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Giroud v Conte: Why Chelsea's 2-goal hero was everything his manager was not

COMMENT: 25 minutes. 25 minutes to rescue a game. A manager. A place at the World Cup. That's what Olivier Giroud achieved on Saturday. Because it was all on the line at St Mary's - including Antonio Conte's job.

Yes, the little rejig at the back had an effect. But victory at Southampton had nothing to do with the Chelsea manager. This result was down to one man. His attitude. His desire. His "fight".

Giroud was everything Conte wasn't on the day. Involved. Passionate. Driven. For an hour, like his manager, he had watched from the away dugout. Frustrated. Baffled. Giroud let us all in on his emotions after his two-goal salvo. When he entered the field, his first words were for Eden Hazard - Chelsea's other goalscorer on the day. This was no instructions from Conte. This was from Giroud - from the heart.

"I said when I came on to Eden Hazard we need to fight to the end keep believing," Giroud revealed in the post-match. "I didn't tell him we would score, but our first goal put us in that position."

No guarantees. No promises. But "we" need to leave it all on the pitch. The manager may be giving it away, but we can't.

Too harsh? For this column, it's a heartbreaker watching the descent of Conte. But how can you ignore the bleedin' obvious? He's just waiting. Waiting for the call from Roman Abramovich. Waiting for the payout. Waiting to move on.

He looks disheveled. Uninterested. The contrast between the Conte we saw on Saturday and the one of last season is stark. Unshaven. Tired. Unkempt. Gone is the dark suit, white collar and thin tie. Now Conte is shuffling around in a tracksuit - barely a step up from a pair of pyjamas. It's a shock to see the change. That light behind those blue-steel eyes is gone. There's nothing there now. Is it any wonder Chelsea were so, so poor for 70 minutes on Saturday?

You know it's bad when the in-house pundits are slating their team. "Pathetic", "poor", "no fight", this was all said at halftime by Chelsea's own experts, Clive Walker and Jason Cundy. Walker even likened the performance to Arsenal's infamous meltdowns against Sam Allardyce's Bolton Wanderers. On the books. Paid by the club. But there was no hiding what Chelsea had dished up in that first-half. It was rank. And Walker and Cundy knew it.

As, you fancy, did those 'visiting' the Saints boardroom at halftime. It's now common knowledge that Conte's position is being reviewed week-to-week by those in charge. Some have been lobbying an early dismissal to give the players a jolt, a late push for the top four and victory in the FA Cup. It's a Chelsea trait. And it's worked - with an almost 100 per cent record.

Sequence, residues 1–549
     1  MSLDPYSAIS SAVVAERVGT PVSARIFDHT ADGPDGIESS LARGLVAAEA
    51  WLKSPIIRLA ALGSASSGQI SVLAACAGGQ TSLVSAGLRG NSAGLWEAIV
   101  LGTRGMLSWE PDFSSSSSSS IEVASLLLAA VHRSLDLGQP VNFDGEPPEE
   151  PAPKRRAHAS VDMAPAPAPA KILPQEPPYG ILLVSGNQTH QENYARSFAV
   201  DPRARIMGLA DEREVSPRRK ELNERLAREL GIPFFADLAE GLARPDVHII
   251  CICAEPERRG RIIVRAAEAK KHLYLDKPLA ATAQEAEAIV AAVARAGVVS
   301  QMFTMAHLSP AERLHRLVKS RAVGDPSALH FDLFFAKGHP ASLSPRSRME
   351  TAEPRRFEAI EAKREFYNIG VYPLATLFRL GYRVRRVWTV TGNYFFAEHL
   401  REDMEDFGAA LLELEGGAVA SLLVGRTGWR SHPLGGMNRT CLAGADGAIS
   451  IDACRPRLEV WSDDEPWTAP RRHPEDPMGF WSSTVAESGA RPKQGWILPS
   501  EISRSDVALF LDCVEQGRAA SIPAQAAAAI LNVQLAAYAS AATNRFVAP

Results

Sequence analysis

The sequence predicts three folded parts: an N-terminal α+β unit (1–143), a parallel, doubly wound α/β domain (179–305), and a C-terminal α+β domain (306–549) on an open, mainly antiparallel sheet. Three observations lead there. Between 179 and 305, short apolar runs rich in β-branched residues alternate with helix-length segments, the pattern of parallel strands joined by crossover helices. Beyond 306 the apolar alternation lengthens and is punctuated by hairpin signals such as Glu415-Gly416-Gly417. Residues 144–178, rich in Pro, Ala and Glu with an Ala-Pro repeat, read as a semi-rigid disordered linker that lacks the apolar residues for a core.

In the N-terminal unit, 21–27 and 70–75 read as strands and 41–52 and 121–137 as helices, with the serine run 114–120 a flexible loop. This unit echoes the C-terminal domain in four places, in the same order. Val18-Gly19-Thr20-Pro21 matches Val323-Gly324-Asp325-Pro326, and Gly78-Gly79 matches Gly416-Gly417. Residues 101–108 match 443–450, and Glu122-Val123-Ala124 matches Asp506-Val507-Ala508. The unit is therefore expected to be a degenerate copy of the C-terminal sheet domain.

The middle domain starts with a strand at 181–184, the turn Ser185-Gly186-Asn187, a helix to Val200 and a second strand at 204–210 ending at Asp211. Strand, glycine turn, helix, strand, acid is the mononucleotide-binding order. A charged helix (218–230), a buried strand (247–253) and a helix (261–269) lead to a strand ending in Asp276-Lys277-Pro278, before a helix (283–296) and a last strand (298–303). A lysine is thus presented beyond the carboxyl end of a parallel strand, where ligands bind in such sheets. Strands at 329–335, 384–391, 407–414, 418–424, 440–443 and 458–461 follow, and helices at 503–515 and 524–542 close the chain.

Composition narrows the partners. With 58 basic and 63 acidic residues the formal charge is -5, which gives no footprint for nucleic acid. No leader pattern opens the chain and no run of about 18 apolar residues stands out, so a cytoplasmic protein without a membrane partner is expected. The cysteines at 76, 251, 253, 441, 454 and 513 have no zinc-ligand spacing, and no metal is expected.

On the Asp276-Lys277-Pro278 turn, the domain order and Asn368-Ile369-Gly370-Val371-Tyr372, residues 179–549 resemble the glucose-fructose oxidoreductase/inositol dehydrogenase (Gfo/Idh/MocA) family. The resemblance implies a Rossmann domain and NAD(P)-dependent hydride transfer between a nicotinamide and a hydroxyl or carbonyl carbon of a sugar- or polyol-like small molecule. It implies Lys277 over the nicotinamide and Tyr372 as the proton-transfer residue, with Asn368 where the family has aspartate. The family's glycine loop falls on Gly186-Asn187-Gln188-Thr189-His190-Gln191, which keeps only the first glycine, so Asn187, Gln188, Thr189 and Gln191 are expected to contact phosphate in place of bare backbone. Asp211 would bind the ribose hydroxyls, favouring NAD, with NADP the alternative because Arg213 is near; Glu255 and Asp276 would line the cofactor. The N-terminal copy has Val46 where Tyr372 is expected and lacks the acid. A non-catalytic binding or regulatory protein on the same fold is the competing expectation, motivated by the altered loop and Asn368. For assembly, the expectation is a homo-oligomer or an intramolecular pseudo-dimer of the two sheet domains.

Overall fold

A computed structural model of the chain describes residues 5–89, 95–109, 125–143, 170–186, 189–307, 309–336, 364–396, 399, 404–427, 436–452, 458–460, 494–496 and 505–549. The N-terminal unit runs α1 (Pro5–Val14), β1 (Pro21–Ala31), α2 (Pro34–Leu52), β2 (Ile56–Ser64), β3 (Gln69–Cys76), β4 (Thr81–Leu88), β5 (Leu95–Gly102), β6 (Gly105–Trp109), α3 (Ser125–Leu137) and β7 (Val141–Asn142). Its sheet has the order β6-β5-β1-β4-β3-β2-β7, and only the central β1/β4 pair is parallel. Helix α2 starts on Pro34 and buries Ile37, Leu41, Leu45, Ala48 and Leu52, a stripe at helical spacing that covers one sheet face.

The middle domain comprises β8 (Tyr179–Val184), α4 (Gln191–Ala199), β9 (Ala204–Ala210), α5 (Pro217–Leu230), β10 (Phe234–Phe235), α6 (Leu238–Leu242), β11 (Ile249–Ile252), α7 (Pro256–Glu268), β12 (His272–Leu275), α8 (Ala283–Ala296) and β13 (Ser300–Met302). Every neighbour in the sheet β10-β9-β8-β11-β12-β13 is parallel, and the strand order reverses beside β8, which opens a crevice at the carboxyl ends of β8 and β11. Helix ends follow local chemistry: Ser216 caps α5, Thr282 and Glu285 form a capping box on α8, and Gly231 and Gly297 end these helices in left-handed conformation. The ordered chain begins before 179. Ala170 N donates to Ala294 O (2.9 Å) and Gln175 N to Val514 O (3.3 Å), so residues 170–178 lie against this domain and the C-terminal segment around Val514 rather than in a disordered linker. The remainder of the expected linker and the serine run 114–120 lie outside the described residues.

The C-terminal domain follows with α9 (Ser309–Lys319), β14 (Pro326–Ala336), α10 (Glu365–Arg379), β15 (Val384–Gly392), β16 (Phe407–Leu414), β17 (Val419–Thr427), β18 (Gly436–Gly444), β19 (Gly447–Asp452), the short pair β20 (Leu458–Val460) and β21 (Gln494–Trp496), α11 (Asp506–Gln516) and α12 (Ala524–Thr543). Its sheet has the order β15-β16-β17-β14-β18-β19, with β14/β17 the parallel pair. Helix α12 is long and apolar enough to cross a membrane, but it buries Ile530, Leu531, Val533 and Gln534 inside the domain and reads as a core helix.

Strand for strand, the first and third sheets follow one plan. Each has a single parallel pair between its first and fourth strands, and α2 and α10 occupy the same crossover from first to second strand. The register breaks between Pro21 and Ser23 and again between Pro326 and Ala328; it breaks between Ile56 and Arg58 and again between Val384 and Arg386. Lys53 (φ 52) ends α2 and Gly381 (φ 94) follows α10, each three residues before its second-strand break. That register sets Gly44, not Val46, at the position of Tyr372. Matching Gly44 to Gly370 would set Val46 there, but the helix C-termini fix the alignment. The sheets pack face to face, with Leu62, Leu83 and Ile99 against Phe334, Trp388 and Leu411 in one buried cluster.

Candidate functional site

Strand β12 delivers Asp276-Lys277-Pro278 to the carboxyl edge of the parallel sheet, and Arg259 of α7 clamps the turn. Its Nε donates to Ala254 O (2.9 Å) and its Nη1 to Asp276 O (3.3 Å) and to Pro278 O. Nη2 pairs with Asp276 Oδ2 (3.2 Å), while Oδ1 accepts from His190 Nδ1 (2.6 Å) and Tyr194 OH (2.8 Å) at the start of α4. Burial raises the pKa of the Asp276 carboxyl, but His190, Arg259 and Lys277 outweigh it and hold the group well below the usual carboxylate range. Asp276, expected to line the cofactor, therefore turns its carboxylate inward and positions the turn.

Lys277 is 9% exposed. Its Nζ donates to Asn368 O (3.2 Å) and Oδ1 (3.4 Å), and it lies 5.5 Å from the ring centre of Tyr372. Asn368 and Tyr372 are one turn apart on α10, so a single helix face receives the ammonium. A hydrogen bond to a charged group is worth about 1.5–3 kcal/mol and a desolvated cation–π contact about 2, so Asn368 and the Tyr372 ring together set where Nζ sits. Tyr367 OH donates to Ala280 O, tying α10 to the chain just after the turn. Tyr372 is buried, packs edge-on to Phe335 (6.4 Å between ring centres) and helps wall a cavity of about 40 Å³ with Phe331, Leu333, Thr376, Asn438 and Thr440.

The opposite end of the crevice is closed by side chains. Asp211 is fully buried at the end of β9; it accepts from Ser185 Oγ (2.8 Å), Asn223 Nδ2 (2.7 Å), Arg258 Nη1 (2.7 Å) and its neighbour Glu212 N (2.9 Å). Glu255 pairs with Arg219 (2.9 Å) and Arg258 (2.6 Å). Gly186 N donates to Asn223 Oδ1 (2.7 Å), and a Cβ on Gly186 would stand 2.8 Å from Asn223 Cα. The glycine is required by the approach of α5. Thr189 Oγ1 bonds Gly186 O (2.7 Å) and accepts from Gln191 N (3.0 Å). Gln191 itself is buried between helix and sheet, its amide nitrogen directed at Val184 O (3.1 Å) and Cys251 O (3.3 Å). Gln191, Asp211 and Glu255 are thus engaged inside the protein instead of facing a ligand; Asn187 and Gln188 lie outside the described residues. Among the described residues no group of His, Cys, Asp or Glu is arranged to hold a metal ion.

And when they saw the state of Conte. The state of his team in that opening 45 minutes. You have to fancy some of the suits were getting an itchy trigger finger.

But then entered Giroud.

And just as his message was to Hazard, he pledged the same to the Blues support in the aftermath.

"As long as it is mathematically possible we will believe we can reach the top four. We take the games one by one. We have got five or six finals to play after that we will see."

Again, no promises. But for Giroud, the one guarantee he can make is he'll give it everything to the end.

But another fighter available to Conte wasn't allowed to even get on the bench. Toni Rudiger, fully fit, was dumped by Conte. Not even finding a place among the substitutes.

The call came just days after Rudiger had questioned the team's tactics following their 1-1 draw with West Ham: "For me, it's not easy to explain. I don't understand why after 1-0 we always drop and let the opponent get more ball possession."

Not exactly the stuff of Gigi Buffon. However, enough to irk Conte and axe his German defender to the stands.

But Conte knew what he was getting when he brought Rudiger to the club. He'd chased him for a year. He'd seen him battle back from a morale-sapping knee injury. Stare down the racists in Italy. Conte knew he was signing a fighter. A man who spoke his mind. He wanted that type of character around the locker room...

Well, at least the Conte of 2017 did. But today's one? The one of the lounge suit? Maybe it's all too much trouble. Too much trouble to pull the lad into his office. To explain his tactics. To get his player back onside. Nah. Just axe him and move on.

Which appears exactly what Conte and Chelsea are in the final throes of doing - no matter the efforts of fighters like Olivier Giroud.


Chris Beattie
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Chris Beattie

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